The Indian Institute of Astrophysics has built the Visible Emission Line Coronagraph (VELC), the largest payload that would fly on Aditya-L1.
In a milestone for Indian space astronomy, the Indian Institute of Astrophysics (IIA) has built the Visible Emission Line Coronagraph (VELC), the largest payload that would fly on Aditya-L1, the country’s first dedicated scientific mission to study the Sun.
It is expected to be launched by the Indian Space Research Organisation (ISRO) by mid-2023.
The VELC payload would be formally handed over to ISRO Chairman S Somanath at IIA’s CREST campus on Thursday. “It’s a milestone in the development of space astronomy in India,” said an IIA official.
Aditya-L1 is the first space-based Indian mission to study the Sun from a halo orbit around the Lagrange point 1 (L1) of the Sun-Earth system.
This mission, with seven payloads on board, to observe the photosphere, chromosphere, and the outermost layers of the Sun (the corona) will provide greater advantage of observing solar activities and their effect on space weather, stated ISRO officials.
VELC, which the IIA has built at its CREST (Centre for Research and Education in Science and Technology) campus at Hosakote near Bengaluru, is the largest and one of the most technically challenging of the seven payloads/telescopes that will fly on Aditya-L1.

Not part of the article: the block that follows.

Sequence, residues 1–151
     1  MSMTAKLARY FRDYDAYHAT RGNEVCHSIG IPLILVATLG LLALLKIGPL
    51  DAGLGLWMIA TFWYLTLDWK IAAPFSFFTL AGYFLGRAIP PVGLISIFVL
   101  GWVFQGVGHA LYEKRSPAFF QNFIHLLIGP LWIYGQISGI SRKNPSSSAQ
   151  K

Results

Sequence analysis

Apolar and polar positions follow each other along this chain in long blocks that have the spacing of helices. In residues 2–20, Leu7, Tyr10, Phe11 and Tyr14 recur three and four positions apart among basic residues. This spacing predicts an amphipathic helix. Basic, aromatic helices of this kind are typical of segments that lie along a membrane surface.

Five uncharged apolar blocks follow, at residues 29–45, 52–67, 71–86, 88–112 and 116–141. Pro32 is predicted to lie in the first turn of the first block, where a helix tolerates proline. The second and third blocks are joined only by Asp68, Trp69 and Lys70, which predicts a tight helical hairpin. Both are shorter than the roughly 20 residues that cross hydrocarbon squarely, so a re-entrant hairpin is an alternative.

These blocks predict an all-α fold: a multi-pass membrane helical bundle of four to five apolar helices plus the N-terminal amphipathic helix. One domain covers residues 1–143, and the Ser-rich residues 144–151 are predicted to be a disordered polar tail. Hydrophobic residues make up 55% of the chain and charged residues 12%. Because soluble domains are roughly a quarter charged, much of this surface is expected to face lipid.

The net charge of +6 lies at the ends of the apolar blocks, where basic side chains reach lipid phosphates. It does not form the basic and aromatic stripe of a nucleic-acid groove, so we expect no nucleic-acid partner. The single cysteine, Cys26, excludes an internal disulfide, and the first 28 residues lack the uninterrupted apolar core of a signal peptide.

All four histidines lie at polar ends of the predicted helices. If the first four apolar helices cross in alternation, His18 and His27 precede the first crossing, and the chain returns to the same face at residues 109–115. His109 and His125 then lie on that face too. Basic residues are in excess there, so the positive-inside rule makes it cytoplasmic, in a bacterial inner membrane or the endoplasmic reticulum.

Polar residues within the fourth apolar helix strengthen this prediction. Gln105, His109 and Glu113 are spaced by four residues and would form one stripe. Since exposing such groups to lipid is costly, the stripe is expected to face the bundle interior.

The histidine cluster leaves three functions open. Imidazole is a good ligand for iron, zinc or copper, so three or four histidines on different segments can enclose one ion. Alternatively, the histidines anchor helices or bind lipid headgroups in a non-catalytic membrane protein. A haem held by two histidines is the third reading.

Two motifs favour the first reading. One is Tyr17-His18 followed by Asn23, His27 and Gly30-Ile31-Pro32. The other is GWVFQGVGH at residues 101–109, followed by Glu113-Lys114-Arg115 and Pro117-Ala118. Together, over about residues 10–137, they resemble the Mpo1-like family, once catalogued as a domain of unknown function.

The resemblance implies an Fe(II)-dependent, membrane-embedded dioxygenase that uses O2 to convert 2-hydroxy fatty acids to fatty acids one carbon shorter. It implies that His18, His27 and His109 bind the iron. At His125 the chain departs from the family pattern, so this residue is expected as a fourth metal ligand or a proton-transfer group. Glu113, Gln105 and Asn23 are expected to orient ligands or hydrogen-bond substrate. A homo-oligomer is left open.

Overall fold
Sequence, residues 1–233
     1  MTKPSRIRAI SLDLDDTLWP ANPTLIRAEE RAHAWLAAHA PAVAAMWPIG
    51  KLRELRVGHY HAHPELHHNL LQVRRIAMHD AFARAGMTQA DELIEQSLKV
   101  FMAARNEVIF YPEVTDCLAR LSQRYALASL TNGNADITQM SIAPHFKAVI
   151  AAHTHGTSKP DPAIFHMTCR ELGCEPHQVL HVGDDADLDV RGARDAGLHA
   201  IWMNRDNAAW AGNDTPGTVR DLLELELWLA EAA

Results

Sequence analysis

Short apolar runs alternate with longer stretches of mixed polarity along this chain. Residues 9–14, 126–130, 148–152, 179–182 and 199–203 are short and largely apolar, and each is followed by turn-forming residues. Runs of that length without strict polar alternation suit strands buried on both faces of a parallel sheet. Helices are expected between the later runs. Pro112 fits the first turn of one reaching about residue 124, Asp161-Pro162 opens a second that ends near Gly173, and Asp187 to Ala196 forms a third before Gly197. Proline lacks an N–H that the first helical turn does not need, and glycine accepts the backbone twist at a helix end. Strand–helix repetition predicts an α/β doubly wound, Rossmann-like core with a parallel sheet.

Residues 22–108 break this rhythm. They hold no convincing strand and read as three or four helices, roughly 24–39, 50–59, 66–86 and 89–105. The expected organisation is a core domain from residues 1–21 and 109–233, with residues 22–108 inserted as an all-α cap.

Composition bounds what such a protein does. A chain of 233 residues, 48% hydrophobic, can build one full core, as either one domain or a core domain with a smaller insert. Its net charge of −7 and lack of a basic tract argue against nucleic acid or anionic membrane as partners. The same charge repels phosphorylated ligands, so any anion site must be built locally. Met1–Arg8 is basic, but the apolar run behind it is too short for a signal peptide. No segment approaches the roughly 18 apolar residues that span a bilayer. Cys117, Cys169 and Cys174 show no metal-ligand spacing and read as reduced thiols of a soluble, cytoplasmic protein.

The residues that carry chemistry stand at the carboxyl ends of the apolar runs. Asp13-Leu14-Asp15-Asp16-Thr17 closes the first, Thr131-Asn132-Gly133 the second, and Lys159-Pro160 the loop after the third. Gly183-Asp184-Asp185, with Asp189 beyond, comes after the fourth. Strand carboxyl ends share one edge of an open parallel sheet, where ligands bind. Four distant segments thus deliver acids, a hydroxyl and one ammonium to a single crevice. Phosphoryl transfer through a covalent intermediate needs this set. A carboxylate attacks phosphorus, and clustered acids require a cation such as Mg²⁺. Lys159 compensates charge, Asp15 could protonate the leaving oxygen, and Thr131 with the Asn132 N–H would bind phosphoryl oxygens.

The space solar mission was initially conceived as Aditya-1 with a 400-kg-class satellite carrying one payload (VELC) and it was to be launched in a 800 km low-Earth orbit.
Since a satellite placed in a halo orbit around the L1 of the Sun-Earth system has a major advantage of continuously viewing the Sun without any occultation/eclipses, the mission was revised to Aditya-L1.
It is now to be inserted into a halo orbit around the L1, which is 1.5 million km from Earth towards the Sun.
The other six payloads are Solar Ultraviolet Imaging Telescope, Aditya Solar Wind Particle Experiment, Plasma Analyser Package for Aditya, Solar Low Energy X-ray Spectrometer, High Energy L1 Orbiting X-ray Spectrometer, and Magnetometer.
“The scientific studies by the satellite will enhance our current understanding of the solar corona and also provide vital data for space weather studies,” stated ISRO officials.
The VELC payload is an internally occulted solar coronagraph with simultaneous imaging, spectroscopy, and spectro-polarimetry channels close to the solar limb.
“Both imaging and spectroscopic observations obtained by the VELC payload are key to study the diagnostic parameters of the solar corona and dynamics — as well as origin — of the coronal mass ejections and magnetic field experiments of the solar corona,” the IIA officials said.
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